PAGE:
One of the most surprising aspects of surviving cancer was that once it was all over, it wasn’t really all over. Shades and shadows of cancer remained with me long after the cancer itself was gone.
I was euphoric for the first couple months after completing my treatments. I had survived, and I started to feel physically and emotionally “normal.” Not only was I eager to resume life, but I had new determination to make the most of my remaining years.
Cancer’s Kick in the Pants
The “red” danger sign of cancer had morphed into a more positive and motivating “red bull” of energy. I decided to go back to school, a choice that has greatly enriched my life and one that I might not have made without cancer’s kick in the pants.
But the shades of cancer were not all positive.
The Ghost of Cancer.
After the initial relief wore off, I recognized a new and unsettling shadow of cancer: the risk of recurrence. I had not dared to even contemplate such a thing during the fight. The objective of the fight was clear and focused: get rid of every cancer cell in my body. God, medical professionals, technology, and loving support helped me to endure toward that goal.
Later, however, after the adrenaline of the focused fight subsided I was spooked by vague fear. Every new ache, pain, or twinge conjured up the ghost of cancer past. Should I get that checked? Is it cause for concern? One of my doctors, a cancer survivor herself, said life after cancer was like living in a haunted house. Absolutely true.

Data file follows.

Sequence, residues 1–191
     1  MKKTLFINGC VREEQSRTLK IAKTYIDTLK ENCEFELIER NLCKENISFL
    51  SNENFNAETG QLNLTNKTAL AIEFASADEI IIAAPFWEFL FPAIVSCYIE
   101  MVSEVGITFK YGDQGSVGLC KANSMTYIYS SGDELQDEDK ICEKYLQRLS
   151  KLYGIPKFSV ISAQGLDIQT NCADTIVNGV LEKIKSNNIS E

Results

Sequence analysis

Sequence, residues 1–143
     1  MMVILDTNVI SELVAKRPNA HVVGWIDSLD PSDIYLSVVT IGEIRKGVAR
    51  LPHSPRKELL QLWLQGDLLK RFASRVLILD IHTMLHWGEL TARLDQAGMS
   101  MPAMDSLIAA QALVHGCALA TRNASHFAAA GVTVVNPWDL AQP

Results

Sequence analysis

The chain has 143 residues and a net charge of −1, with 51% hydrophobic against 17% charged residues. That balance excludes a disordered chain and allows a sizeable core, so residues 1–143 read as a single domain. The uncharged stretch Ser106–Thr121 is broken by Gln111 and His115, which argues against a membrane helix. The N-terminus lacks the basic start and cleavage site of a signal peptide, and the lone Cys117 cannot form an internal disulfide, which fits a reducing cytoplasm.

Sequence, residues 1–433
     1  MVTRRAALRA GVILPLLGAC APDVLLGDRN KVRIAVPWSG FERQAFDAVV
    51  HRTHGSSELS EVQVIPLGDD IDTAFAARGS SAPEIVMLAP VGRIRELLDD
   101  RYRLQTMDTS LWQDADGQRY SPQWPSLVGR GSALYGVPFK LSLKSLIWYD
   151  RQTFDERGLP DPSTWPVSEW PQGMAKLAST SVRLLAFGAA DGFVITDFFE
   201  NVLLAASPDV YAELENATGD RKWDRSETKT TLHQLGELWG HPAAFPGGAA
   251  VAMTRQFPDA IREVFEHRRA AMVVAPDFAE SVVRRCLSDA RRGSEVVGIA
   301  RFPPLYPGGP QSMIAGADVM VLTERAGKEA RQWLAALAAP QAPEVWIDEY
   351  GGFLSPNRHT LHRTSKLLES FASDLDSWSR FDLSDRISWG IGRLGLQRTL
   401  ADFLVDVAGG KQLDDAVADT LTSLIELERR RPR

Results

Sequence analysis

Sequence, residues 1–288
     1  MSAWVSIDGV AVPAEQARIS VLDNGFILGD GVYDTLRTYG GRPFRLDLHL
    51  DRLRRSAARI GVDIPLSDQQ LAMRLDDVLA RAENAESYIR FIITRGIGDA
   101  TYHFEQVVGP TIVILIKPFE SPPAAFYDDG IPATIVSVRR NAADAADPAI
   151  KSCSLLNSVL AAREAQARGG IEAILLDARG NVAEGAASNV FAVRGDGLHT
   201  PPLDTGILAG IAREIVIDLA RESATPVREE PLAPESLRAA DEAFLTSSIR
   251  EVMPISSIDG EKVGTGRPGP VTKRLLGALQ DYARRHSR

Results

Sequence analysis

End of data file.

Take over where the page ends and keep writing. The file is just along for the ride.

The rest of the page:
Peace in Surrender
One night, almost a year after cancer, I was particularly spooked. I wrestled with God for hours, asking him for assurance that I would never have to face cancer again. He did not give it to me. I felt like Jacob. Finally, I prayed with the words of Philippians 4:6-7, “Do not be anxious about anything, but in everything , by prayer and petition, with thanksgiving, present your requests to God. And the peace of God, which transcends all understanding, will guard your hearts and your minds in Christ Jesus.”
What I really needed was peace, deliverance from the anxiety that was haunting me. I was not confronting cancer anymore; I was facing the formidable foe of fear.
“God, I asked, you don’t really mean ANYTHING, do you? Cancer is a pretty big deal.” He assured me that he really means it. We should not be anxious about ANYTHING. Even cancer.
At that moment, I surrendered. Even if the worst happened, I would trust my Savior.
I found peace in surrender.
“I have told you these things, so that in me you may have peace. In this world you will have trouble. But take heart! I have overcome the world.” John 16:33